Then, at the end of the day, I went to a party for my boss and her husband to be.  The whole office was there and we were celebrating this new union.  Everyone I talked to asked how I was, and if I was doing okay taking my boy.  I finally realized while I talk way too much, I have so much to be thankful for.  These folks don't have to listen and really, they don't have to care.  But they do.  Wow, things like that make my  life so rich... 

It is going to be an adjustment to have more time to do things I want to do.  I mean, I don't even know what I want to do...really.  But, I guess I have time to figure that out.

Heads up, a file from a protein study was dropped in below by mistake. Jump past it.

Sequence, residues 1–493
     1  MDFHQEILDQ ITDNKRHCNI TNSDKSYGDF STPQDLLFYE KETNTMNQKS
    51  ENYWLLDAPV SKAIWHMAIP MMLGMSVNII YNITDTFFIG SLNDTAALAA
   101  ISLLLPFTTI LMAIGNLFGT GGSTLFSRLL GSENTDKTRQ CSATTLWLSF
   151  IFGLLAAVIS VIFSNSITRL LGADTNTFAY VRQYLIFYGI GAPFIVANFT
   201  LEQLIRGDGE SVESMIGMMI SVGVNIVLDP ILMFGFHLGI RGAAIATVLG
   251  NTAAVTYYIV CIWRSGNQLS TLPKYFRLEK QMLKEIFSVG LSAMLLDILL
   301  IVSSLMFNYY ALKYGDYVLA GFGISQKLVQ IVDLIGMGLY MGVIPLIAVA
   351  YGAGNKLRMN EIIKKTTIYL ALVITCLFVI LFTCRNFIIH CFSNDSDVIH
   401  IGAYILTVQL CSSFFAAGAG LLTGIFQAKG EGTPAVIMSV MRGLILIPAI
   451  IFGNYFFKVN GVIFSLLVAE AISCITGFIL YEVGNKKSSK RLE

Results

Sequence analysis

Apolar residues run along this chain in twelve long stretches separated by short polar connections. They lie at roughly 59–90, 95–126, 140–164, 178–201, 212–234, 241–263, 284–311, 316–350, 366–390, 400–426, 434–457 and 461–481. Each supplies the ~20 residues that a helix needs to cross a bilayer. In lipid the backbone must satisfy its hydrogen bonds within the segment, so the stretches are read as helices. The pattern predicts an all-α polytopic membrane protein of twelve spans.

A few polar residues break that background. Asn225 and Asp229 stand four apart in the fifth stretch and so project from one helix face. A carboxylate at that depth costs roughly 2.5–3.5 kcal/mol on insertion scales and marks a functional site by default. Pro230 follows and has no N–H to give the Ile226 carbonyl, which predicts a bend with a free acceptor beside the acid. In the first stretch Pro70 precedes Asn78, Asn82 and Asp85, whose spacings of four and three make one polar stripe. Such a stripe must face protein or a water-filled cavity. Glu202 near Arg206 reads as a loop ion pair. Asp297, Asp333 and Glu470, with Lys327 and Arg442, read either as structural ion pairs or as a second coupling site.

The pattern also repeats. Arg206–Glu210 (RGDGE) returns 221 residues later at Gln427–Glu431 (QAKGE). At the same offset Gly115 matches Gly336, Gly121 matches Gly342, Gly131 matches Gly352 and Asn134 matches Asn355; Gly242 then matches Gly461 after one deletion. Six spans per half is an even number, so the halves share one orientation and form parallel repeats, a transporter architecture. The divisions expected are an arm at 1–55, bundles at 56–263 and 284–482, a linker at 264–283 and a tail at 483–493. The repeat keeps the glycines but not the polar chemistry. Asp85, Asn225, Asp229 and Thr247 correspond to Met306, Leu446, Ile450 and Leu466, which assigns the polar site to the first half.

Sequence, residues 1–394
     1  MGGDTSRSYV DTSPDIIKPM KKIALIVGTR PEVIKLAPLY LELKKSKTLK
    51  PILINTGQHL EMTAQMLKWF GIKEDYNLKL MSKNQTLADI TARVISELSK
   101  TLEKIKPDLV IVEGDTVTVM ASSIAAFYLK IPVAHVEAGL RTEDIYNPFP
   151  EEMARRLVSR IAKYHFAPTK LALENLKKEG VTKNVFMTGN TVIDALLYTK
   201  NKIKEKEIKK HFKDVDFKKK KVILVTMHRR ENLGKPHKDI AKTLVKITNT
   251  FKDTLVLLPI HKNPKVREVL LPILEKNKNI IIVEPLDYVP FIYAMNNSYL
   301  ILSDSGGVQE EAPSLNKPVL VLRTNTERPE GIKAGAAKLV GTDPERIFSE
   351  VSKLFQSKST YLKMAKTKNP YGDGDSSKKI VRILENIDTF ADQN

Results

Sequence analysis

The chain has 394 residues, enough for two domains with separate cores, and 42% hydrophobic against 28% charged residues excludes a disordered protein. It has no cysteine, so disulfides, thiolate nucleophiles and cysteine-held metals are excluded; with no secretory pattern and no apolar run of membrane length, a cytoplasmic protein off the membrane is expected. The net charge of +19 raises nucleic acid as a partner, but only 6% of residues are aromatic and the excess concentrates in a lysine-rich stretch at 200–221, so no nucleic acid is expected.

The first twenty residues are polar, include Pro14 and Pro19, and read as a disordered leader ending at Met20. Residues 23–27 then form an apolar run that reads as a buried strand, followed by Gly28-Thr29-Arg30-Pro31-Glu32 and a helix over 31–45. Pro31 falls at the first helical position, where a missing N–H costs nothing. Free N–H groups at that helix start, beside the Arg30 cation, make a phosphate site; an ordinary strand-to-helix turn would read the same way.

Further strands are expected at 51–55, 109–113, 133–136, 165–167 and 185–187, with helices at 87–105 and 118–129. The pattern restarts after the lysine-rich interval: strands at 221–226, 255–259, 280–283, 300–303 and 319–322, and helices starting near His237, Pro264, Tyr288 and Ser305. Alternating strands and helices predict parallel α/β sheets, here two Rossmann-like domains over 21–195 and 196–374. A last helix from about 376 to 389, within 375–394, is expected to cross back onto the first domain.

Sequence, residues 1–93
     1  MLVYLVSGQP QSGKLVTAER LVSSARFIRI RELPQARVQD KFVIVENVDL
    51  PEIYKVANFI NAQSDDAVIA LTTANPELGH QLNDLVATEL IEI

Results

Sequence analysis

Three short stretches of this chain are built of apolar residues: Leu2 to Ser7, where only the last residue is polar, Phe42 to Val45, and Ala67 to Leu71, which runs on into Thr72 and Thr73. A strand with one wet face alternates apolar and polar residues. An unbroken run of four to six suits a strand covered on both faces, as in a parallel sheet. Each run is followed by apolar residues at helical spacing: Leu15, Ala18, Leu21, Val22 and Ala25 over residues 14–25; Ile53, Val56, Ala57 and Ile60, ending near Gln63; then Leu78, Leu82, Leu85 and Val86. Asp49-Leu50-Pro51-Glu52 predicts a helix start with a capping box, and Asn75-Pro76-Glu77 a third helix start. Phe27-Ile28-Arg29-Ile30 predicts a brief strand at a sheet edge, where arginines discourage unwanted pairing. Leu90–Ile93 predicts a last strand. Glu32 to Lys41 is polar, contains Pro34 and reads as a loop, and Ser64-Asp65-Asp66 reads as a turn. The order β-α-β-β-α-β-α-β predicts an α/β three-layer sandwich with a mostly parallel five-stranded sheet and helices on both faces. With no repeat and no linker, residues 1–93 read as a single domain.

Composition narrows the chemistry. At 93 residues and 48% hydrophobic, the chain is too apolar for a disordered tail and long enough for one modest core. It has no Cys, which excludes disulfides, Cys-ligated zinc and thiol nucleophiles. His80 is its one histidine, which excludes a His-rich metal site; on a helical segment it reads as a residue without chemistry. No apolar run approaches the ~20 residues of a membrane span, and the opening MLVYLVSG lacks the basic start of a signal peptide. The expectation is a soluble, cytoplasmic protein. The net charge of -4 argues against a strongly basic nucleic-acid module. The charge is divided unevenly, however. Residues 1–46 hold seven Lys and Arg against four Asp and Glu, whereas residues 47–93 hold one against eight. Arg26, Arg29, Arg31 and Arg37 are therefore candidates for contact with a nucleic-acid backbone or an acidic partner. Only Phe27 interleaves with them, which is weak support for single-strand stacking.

So, as I wrap this up, I want to thank all of the folks that asked and listened and comforted me as I negotiate round 3.  This round has the potential to be even better, as rewarding and as holy as the first two round have been. 

Once again, it's about perspective and managing expectations...something I tell my patients all the time.  I guess it's time to take a dose of my own medicine.  

Here's to being an empty nester!  I guess....

We'll tawk tomorrow,
I love you all,
Terry